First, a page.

Why? I have no idea. My guess is the foreign brokerages are not MAS approved, so the shares that you bought would be held in a custodian account and there’s counterparty risk. In other words, if the brokerages collapses, there’s no recourse to get back what you own.

Although all these brokerages are huge, have international operations, and are obviously well funded, in this day and age, it’s hard to say something will never collapse aka do a Bear Sterns.

Shareholder Activism & Engagement with Management – This is kinda obvious. There is hardly any shareholder activism in the local SGX listed companies. There’s only 1 AGM mandated for SGX listed companies. In US exchanges, the companies usually have quarterly conference calls together with the quarterly results release. During these conference calls, analysts can put forth questions and management has to answer them.

In my experience, the involvement of shareholders is much greater in US listed companies compared to SGX. In terms of shareholder engagement, I’d have to say of all the SGX listed companies I’ve owned or analysed, Boustead Singapore takes the cake. They have annual conference calls and regular email updates.

Like I said, Carl Icahn would’ve a tough time if he could only invest in SGX listed equities.

Yields – US listed companies generally have lower yields compared to SGX listed companies. More US listed companies distribute dividends on a quarterly basis, compared to SGX listed companies.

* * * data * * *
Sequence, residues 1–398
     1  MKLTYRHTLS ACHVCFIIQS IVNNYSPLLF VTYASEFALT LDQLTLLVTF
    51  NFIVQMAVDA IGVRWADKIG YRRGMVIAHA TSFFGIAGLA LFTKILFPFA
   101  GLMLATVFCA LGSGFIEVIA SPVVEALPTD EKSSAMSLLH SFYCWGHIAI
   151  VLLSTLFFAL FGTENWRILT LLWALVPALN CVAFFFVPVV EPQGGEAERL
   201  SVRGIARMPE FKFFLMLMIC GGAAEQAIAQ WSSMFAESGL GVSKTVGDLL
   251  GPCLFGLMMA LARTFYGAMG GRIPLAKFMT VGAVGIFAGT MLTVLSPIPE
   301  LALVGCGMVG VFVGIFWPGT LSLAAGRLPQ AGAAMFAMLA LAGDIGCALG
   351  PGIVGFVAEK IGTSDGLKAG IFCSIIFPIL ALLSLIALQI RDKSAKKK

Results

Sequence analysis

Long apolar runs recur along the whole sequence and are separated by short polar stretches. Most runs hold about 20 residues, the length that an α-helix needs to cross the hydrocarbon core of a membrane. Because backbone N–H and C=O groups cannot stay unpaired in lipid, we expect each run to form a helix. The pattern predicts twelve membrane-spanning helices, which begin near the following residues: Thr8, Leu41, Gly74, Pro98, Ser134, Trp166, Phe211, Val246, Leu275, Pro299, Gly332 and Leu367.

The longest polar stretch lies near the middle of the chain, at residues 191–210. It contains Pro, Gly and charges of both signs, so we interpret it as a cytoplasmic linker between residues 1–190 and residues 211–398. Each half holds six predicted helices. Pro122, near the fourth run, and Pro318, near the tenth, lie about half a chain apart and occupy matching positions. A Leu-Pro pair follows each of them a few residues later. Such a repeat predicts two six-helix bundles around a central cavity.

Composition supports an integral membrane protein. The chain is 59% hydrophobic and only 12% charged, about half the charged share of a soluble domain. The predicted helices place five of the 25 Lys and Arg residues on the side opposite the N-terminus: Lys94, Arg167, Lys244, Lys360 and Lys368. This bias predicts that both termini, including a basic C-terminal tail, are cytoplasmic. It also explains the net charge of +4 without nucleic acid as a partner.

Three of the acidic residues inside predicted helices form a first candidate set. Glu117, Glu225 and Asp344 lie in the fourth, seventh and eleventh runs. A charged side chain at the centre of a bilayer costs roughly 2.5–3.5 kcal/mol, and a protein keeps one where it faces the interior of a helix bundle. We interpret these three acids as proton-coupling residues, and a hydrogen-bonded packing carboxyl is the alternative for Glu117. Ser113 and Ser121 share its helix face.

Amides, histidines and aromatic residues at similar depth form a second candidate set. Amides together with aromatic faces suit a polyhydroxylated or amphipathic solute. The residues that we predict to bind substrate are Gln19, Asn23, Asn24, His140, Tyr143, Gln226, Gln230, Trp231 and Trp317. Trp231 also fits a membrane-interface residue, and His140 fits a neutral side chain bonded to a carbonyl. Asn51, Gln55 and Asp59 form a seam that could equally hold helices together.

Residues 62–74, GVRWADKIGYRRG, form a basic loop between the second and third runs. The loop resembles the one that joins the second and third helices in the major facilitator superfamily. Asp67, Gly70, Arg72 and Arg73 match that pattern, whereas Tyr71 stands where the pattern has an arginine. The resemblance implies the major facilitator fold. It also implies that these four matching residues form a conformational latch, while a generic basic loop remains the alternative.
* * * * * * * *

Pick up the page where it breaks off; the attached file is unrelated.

Forex risks – The recent volatility in the USD-SGD brings to the forefront the importance of forex. Forex plays a substantial role in determining your overall returns when investing in foreign markets. In the past 1 month or so, the exchange rate has done this:

31) USD-SGD 23052016.jpg

This means even if the share price of your US listed holdings have not changed, you’d have enjoyed a nice 2.21% gain in 1 month. If the share price increased, you’d have enjoyed a much bigger boost due to the compounding of this 2.21% gain on both your initial capital, as well as the capital increase.


These are some of the differences between investing in SGX listed vs US listed companies. These are derived from my personal experiences and my opinions.

Regarding portfolio construction, I don’t think it’s necessary to own US listed companies simply for the sake of diversification. The true intrinsic value of the company vs the price at which it can be attained at, regardless of the exchange it is listed on, should be the key consideration. However, if one ascertains value and would like to make an investment in a US listed company, then it would only be wise to be aware of these differences before committing to the investment.


CDW Holding Limited

23) CDWlogo 21052016

I invested in CDW Holding in March 2015, with an initial investment of 400,000 shares at around $0.18. Since then, the company has distributed generous dividends of 1.2 US cents annually. Which is a nice yield of around 9% or so.

CDW Holding is in the business of manufacturing light guide panels which are used mainly in smartphones, laptops and notebook computers. It also has a smaller division manufacturing precision parts for office equipment and electrical appliances. Most recently, it branched out into F&B, acquiring a ramen business in Japan.